While we would like to picture enjoying a Norman Rockwell-worthy holiday gathering, with all of our family members spending quality time together and mom’s traditional holiday feast, the reality for some families instead features something unanticipated: an E/R visit. As a matter of fact, research reveals that emergency room visits for seniors jump around 10 – 20% during the holiday season. Read more
Dementia confusion, a typical occurrence in Alzheimer’s, can lead to recent memories being forgotten about or distorted, while memories from the more distant past usually stay unaffected. This can cause past events to make more sense to a senior with dementia than the present. A person’s alternate reality can be the senior’s way of making sense of the present through past experience.
Seniors with Alzheimer’s disease often have problems expressing themselves, and at times their alternate reality has more to do with a physical requirement or a distinct feeling they want to express rather than the actual words they are saying.
- “I need to deliver all these casseroles to the neighbors before the end of the day.” Though these casseroles do not exist, the words could actually represent a need for meaning in everyday life or wanting to be involved in an activity. A suitable response to find out more could be, “Why did you make casseroles for our neighbors?”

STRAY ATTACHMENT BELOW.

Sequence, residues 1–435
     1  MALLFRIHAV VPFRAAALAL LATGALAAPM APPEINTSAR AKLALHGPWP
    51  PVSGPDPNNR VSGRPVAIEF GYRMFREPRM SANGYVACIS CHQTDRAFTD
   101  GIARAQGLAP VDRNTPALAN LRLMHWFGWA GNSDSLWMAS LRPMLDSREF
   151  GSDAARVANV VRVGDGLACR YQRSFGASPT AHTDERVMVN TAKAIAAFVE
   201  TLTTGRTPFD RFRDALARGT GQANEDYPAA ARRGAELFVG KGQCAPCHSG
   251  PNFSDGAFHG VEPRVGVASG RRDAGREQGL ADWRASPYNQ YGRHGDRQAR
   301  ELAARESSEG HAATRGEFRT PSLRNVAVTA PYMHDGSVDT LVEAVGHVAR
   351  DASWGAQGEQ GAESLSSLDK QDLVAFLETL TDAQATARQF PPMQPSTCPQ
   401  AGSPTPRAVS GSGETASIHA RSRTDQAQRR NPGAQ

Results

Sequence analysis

- “When will my wife be coming home?” This question may be more about a need for affection or acceptance or a home-cooked meal than it could be about wishing to see his wife, who passed away many years ago. An appropriate reaction to uncover more might be, “Why would you like to see her?”
Keeping a diary of these kinds of events can help you notice a pattern in the older person’s dementia confusion. The more you listen in and pay close attention, the easier it will become to understand the thinking behind the alternate reality and the ideal way to react.
Is It Alright to Play Along?
As long as the scenario isn’t going to be unsafe or improper, it is perfectly fine to play along with the senior’s alternate reality. Doing so won’t make the dementia worse. Keep in mind, the senior’s reality is true to him/her and playing along can make your loved one feel more comfortable.
If the situation is inappropriate or may possibly cause harm to the older adult, try to respond to the perceived need while redirecting him/her to something safer or more appropriate.
Bear in mind these 3 actions:
- Reassure the older adult.
- React to his/her need.
- Redirect if required.
Also, call on the caregiving team at Endeavor In-Home Care, providing senior home care in Phoenix and the surrounding areas, including specialized dementia care. Our caregivers are on hand to provide compassionate, professional respite care services for family care providers who could use some time to rest and recharge. Contact us any time to learn more at 480-498-2324.
Cities We Service
Our support Hotline is available 24 Hours a day: (480) 498-2324
Endeavor Senior In-Home Care
1955 S Val Vista Dr Ste 111
Mesa, AZ 85204
Endeavor Senior In-Home Care
15333 N Pima Rd Ste. 305
Scottsdale, AZ 85260
Endeavor Training Institute